These words rise from heart to head each
morning as I wake.
I hear them walking away from a networking meeting at the
small, brick café down the street.
I hear them when the kids whirl around the kitchen like
snowflakes in a blizzard and it’s all I can do to keep from blasting them into
submission with a giant stomping shout.
“Slow down,” the voice says.
In seminary we ran intellectual marathons – punishing races
in pursuit of excellence.
In the hours when the kids are at school and I am my own
boss, I feel myself pushing again in that old, familiar pattern.
Run hard, run fast.
Do more. Do it better. Move, move, move.
And still, the small voice whispers, “Slow down.”
Last week we had the twins’ four-year-old well-visit at the
pediatrician’s office. John and I met at the office and the boys stripped down to their underwear and clambered around the room while we waited for the Dr.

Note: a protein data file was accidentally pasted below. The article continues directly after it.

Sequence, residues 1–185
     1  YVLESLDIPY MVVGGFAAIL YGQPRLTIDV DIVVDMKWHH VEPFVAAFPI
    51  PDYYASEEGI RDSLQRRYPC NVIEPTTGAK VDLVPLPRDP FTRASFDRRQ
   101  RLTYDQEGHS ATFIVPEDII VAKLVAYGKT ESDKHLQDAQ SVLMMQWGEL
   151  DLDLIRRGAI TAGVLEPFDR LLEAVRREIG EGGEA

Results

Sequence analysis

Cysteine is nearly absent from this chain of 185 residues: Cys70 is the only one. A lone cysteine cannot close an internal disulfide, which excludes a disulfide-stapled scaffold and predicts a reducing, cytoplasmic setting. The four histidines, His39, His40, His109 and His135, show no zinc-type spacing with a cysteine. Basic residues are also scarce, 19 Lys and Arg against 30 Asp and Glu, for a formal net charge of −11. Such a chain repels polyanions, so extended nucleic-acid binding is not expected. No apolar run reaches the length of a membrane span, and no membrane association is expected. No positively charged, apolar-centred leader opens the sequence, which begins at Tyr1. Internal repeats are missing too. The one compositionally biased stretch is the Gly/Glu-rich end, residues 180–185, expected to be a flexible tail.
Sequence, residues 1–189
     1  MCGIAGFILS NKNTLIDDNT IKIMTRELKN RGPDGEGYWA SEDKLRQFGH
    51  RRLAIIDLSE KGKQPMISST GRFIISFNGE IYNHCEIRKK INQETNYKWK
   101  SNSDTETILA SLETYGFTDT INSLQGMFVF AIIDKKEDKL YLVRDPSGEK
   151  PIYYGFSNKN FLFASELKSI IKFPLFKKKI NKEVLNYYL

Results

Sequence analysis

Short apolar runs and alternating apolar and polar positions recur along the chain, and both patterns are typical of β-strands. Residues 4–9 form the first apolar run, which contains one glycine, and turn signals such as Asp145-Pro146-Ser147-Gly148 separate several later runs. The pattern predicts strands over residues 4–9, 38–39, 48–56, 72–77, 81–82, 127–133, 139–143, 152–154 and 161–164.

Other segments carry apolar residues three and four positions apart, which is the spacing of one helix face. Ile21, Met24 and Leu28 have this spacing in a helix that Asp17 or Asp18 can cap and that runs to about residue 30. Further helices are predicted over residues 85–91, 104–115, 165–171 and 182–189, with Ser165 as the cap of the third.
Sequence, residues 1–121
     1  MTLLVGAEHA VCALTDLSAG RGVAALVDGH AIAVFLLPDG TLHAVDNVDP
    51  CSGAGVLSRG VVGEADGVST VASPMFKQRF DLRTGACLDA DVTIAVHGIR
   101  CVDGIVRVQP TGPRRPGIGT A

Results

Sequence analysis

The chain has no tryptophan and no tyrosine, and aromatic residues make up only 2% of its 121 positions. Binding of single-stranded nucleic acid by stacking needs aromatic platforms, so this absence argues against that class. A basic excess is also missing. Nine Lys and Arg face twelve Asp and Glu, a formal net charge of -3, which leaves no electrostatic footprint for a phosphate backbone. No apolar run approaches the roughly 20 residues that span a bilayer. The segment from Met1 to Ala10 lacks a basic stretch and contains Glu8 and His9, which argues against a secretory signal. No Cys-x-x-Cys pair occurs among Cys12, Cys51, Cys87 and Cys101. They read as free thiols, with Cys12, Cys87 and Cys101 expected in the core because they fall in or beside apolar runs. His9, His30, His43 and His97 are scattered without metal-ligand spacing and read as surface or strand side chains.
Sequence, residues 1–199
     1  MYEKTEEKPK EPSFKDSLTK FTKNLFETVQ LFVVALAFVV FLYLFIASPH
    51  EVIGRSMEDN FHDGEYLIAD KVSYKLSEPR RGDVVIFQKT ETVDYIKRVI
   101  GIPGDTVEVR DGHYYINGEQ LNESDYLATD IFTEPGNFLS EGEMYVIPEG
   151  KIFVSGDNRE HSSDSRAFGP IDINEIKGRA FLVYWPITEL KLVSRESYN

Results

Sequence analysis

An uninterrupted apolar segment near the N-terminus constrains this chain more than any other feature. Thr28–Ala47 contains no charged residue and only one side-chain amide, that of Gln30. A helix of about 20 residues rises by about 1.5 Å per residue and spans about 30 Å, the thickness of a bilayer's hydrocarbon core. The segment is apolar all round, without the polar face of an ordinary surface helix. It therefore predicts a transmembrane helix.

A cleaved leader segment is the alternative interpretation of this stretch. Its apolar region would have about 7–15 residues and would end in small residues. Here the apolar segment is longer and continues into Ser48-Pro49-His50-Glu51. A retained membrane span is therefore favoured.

We asked about their speech, which the preschool seems to
think needs fixing. We got caught up on necessary shots.
With their birthdays falling in August, the appointment was
well overdue. Between the well-visits, the eye dr. and the dentist we, it
seems, are falling behind.
“I can’t keep up,” I say to my husband, to myself, to anyone who
is still long enough to listen.
The thought of the dentist appointments needing to be
scheduled and adding speech therapy for two into the mix? It causes a panic in me, like water rising
around someone who cannot swim.
“Hurry, hurry,” life screams.
Last year, coming off of a weekend of panic attacks, I took
the twins to their well-visit by myself.
In the exam room panic rose around me.
My heart pounded, skin flashed hot and cold. Two half-naked boys perched, one on each
knee, was all that kept me from rising, running from the room.
Maybe this is why the voice tells me, “Slow down.” Because we can only spin so fast before we lose
our balance and start to fall.
Sometimes slow is the only way to be.
Sometimes slow is the one necessary thing.
Sitting with those words, “Slow down,” and my markers, I found a few more words – maybe you need them too in this too often frenetic holiday season.
Slow down. Just be.
Listen to and dwell in what is
here, now, this moment.
What love? What fear?
And what possible doorway between the two?
(Grace, always, is the door.)